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The Five Blind Boys of Mississippi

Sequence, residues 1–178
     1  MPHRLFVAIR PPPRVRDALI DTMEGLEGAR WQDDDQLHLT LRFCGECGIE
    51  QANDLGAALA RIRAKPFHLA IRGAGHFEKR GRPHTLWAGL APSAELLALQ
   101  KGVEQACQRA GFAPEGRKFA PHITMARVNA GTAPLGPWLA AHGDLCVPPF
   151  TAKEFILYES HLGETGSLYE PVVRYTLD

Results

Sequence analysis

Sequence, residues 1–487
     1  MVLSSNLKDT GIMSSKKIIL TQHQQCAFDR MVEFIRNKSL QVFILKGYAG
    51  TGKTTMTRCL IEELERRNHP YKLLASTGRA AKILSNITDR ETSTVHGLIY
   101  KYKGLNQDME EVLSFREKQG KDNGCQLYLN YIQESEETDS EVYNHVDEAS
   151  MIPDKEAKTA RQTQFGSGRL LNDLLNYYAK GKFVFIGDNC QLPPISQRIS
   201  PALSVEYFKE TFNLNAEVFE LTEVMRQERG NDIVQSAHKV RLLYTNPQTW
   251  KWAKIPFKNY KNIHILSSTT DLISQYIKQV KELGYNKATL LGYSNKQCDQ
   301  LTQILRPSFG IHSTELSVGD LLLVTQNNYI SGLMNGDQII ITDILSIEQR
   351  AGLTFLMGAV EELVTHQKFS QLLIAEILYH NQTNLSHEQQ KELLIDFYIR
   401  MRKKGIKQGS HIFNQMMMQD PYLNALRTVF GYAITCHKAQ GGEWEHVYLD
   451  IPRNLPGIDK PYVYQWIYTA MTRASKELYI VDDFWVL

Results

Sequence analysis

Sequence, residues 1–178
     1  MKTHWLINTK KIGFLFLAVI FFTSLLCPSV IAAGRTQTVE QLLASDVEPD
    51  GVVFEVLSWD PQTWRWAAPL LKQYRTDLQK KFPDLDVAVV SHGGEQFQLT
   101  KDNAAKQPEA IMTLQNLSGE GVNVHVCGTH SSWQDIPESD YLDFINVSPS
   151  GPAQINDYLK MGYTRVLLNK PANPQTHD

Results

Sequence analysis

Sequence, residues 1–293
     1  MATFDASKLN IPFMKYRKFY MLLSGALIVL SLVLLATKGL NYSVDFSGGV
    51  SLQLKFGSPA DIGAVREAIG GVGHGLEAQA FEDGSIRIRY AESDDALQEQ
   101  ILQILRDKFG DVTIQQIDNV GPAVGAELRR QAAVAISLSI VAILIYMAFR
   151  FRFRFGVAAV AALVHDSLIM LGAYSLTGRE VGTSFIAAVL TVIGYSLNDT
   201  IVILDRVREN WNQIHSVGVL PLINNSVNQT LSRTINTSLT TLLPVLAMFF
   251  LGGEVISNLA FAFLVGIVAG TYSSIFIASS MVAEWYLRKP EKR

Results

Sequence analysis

The Five Blind Boys of Mississippi are among the best singing groups in popular music history. Their smashing harmonies as well as the qualified prospects of Archie Brownlee not merely influenced several gospel ensembles, but such secular performers as Ray Charles. Their roots date back again to the ’30s, when Archie Brownlee (Brownley in a few accounts), Joseph Ford, Lawrence Abrams, and Lloyd Woodard shaped a quartet. These were students in the Piney Woods College near Jackson, Mississippi. They started as The Natural cotton Blossom Performers, and do both religious and secular materials. The quartet sang on the institution grounds in 1936, after that were documented in 1937 by Alan Lomax for the Library of Congress. After graduation, they made a decision to become professional performers and for a while performed under dual identities; these were the Natural cotton Blossom Performers for popular music as well as the Jackson Harmoneers for gospel. They truly became a quintet when Melvin Henderson became a member of. When Percell Perkins changed Henderson within the mid-’40s, they truly became The Five Blind Children. Oddly, Perkins, who doubled as their supervisor, had not been blind. They produced their saving debut for Excelsior in 1946, after conference label owner Leon Rene in Cleveland. They documented for Coleman in 1948, exactly the same calendar year Joseph Ford was changed by J.T. Clinkscales. However when they became a member of Don Robey’s Peacock label in 1950, the Five Blind Children became superstars. The one “Our Dad” was a high Ten R&B strike, plus they became a prolific ensemble, documenting 27 singles and five albums for Peacock with the ’60s. Brownlee passed away in New Orleans in 1960. His riveting, chilling screams and yells had been among gospel’s most amazing. Perkins still left the group immediately after learning to be a minister. The set of substitutes included Revs. Sammy Lewis and George Warren, in addition to Small Powell. Roscoe Robinson got over for Brownlee, and was aided by second business lead Willmer Broadnax, who was simply also a masterful vocalist. The Five Blind Young boys continued with the ’70s and ’80s and in to the ’90s, though Woodard passed away in the middle-’70s, and Lawrence Abrams in 1982.

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